Making Footprints Not Blueprints

S03 #26 - Rock or sand, sand or rock? - why the true foundation of the spiritual life might not be what you think it is . . . - A thought for the day

April 01, 2022 Andrew James Brown/Caute Season 3 Episode 26
Making Footprints Not Blueprints
S03 #26 - Rock or sand, sand or rock? - why the true foundation of the spiritual life might not be what you think it is . . . - A thought for the day
Show Notes Transcript

The full text of this podcast can be found in the transcript of this edition or at the following link:

https://andrewjbrown.blogspot.com/2022/04/rock-or-sand-sand-or-rock-why-true.html

Please feel to post any comments you have about this episode there.

Music, "New Heaven", written by Andrew J. Brown and played by Chris Ingham (piano), Paul Higgs (trumpet), Russ Morgan (drums) and Andrew J. Brown (double bass)

Thanks for listening. Just to note that all the texts of these podcasts are available on my blog. You'll also find there a brief biography, info about my career as a musician, & some photography. Feel free to drop by & say hello. Email: caute.brown@gmail.com

A short thought for the day” offered to the Cambridge Unitarian Church as part of the Sunday Service of Mindful Meditation

—o0o—

Probably like most of you, I have spent a lot of my life looking for a rock where, religiously, philosophically and politically speaking, I could take a firm stand with a clean heart and full belief (pathos). Taking my own cue from a saying of Jesus reported by the writers of Matthew’s (7:24–27) and Luke’s (6:46–49) gospels I have, therefore, always tried to be the wise person who dug and delved and laid a foundation upon rock rather than sand so that, when the flood comes and the river breaks upon my house, it would not be shaken because it had been built so well.

It seems likely the gospel writers ascribed these words to Jesus because they discovered that when they put their trust fully in Jesus’ teachings they found themselves, at last, on what felt like a true foundation and they suddenly knew, with a clean heart and full belief, just how they could and should go on living in the world. 

But over the centuries this existential, psychological “rock” has often been transformed into the kind of foundation that is all too easily imagined to exist only in unchanging,  “rock” like beliefs, creeds and institutions.

However, if you are here in this church or on Zoom as I speak these words directly to you — or if you are listening to them at home on my podcast or reading them in my blog — then you are likely to be the kind of person who has come to reject the idea that we can, or should, live by such unchanging beliefs, creeds and institutions. It’s certainly why I ended up as a minister in the Unitarian, Universalist and Free Christian tradition.

Consequently, my question these days is, in what would consist the kind of existential, psychological and spiritual “rock” upon which to build that Jesus’ own way of being in the world actually suggests? Well, at least as far as I now understand it, apparently paradoxically, it is something much more akin to learning to build well on moving sand than it is to build on apparently unmoving rock. I say apparently unmoving rock because, looked at properly, even rock is constantly in motion.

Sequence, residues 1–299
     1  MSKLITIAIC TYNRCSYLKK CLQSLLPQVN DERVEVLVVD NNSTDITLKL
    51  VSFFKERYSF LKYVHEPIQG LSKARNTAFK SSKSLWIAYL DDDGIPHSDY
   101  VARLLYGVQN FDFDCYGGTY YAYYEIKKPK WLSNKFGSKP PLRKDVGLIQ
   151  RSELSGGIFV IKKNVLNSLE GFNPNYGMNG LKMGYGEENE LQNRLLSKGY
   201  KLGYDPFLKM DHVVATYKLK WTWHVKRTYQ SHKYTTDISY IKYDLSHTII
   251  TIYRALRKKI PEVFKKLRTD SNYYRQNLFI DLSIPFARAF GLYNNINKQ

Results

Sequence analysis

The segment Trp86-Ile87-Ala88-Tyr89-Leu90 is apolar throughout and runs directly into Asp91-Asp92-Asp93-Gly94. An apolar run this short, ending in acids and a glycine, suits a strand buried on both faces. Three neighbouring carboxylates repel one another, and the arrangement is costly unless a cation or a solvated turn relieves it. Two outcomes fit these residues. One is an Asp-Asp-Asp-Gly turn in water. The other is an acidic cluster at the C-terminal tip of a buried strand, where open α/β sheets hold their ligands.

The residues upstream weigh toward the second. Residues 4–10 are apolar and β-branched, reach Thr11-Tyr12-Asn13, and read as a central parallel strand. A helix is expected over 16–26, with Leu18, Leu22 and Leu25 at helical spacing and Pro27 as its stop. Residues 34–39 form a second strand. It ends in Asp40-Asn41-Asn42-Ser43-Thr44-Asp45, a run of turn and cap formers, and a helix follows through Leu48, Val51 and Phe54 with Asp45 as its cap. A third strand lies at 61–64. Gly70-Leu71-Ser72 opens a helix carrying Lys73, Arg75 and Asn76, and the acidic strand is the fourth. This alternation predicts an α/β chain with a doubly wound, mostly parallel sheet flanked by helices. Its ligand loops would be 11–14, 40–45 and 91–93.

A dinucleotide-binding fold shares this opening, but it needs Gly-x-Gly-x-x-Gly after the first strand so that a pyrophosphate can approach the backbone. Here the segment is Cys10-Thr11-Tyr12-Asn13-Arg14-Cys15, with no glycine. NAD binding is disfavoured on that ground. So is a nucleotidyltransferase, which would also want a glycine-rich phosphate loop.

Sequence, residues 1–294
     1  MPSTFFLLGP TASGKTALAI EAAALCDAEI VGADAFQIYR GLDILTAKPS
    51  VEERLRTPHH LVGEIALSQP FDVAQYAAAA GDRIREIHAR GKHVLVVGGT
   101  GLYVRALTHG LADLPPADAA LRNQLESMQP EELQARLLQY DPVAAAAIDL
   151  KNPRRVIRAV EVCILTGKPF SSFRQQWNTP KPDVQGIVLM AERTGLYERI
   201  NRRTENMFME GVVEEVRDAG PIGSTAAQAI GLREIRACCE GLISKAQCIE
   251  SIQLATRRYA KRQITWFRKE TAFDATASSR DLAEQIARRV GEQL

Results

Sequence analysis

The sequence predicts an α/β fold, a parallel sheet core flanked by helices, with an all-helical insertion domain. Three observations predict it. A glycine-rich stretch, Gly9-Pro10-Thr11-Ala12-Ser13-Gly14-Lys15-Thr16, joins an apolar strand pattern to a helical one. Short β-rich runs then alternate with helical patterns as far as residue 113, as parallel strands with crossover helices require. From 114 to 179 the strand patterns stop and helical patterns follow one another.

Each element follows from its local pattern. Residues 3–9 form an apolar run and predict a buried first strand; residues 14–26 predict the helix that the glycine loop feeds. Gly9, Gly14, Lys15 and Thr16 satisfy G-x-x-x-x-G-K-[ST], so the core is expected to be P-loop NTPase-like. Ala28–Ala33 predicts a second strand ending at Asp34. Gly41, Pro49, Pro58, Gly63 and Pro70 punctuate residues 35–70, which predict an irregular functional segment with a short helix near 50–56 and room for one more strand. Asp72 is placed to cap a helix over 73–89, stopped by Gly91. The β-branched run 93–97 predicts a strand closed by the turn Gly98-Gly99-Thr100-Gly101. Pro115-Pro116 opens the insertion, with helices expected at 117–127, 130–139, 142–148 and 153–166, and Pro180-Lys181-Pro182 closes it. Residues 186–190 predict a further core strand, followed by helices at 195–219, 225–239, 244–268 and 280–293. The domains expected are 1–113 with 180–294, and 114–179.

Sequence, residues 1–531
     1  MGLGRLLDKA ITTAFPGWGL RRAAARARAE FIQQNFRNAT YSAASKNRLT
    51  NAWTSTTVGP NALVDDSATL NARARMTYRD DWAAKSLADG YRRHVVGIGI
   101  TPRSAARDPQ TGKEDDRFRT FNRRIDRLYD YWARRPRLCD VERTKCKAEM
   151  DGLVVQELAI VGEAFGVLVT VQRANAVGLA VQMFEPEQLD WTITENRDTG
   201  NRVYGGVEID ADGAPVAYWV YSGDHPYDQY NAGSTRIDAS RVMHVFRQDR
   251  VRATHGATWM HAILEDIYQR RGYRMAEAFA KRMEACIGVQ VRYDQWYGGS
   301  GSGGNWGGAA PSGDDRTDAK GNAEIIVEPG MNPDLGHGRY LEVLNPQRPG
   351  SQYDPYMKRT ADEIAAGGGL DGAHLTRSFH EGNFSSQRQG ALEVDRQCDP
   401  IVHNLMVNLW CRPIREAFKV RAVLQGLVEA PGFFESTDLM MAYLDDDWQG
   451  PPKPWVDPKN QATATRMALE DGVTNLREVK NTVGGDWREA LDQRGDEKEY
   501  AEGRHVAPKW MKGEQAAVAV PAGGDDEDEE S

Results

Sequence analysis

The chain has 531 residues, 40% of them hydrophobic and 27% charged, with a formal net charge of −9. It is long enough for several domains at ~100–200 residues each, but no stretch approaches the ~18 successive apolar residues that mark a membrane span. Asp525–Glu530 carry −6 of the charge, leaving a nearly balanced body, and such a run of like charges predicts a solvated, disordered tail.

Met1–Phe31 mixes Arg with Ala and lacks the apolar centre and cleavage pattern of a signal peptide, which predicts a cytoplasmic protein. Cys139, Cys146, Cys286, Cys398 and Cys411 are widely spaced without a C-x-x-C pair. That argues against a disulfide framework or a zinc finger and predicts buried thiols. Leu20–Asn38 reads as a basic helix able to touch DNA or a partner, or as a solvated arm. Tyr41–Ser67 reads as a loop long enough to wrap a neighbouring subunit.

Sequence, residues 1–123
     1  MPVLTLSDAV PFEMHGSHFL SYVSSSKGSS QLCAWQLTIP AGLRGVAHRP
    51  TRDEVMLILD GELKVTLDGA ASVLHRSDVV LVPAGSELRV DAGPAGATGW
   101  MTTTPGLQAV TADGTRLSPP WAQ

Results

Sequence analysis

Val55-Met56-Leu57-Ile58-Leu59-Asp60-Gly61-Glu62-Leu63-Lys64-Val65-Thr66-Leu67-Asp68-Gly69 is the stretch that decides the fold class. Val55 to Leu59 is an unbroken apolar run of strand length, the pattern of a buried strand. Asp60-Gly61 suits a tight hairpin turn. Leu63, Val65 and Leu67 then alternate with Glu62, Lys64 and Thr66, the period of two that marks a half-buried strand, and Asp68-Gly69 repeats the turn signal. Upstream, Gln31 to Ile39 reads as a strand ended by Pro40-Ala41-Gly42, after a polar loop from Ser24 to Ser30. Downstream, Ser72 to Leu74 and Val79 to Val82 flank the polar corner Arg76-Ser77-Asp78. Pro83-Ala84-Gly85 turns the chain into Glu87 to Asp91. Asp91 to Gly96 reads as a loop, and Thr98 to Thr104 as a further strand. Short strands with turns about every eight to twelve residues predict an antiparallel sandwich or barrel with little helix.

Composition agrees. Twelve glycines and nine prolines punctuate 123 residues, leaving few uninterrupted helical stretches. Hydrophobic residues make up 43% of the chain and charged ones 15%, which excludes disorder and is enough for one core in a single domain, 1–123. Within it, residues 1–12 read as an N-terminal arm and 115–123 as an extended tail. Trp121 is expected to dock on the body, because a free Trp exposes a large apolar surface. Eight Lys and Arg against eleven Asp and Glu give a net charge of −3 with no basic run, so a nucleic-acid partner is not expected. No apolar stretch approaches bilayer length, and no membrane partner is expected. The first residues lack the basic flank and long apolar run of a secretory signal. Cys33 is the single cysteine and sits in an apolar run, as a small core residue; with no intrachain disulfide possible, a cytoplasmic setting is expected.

Anyway, as I often note, Jesus’ teachings seem continually to centre upon the intuition that if you truly want to know and love God — whatever the word “God” might be taken to mean — you are only going to succeed in so far as you know and love your neighbour as yourself; and, remember, for Jesus, this included knowing and loving one’s enemies. Related to this intuition was his sense that the kingdom of God was never going to be found here or there, built up this or that particular fixed rock, but only within or among us, i.e. in our relationships with each other. 

Now, whatever else relationships are they are ongoing, highly dynamic and intra-active and, given this, we can also go on to say that ethics — that is to say the business of discerning how to live well together —ethics is the art of learning to move well together.      

Given this, and odd though it may sound at first, my wager these days is that it is upon this relational, intra-active movement, that Jesus seems to be asking us to build. It’s a “rock” that’s as mobile as the sandiest of wind-swept sand dunes. 

My mention of wind blowing across sand dunes is not merely to add picturesque colour to my metaphor, but to add something theologically fundamental as well. This is because Jesus also seems to have taught that one of the “rocks” upon which we can assuredly build, and in which we can wholly trust, is the spirit (or, perhaps, energy) that breathes, blows or respires where it will, even though we do not know from where it comes nor where it is going. And . . . and here’s the kicker . . . he then tells us that this kind of constant flowing movement is what everyone born of the spirit is like.

In short, it seems to me, therefore, that the “rock” upon which we are being encouraged to build by following Jesus’ example, is always-already something highly mobile, fluid, flowing, dynamic, intra-active, relational, creative, improvisational, ad hoc, open-ended and, ultimately, unknowable in itself and apart from everything that it is always building, keeping and trapping into shape.

Given the foregoing, these days I find I cannot but help think that the “sandy” foundation upon which we should never build is always the “rock” of unchanging beliefs, creeds and institutions, and it is only by building willingly on the “sand” that is the eternal, intra-active, relational movement of all things that we can have any hope of finding the true “rock” upon which to build that each of us has come here seeking.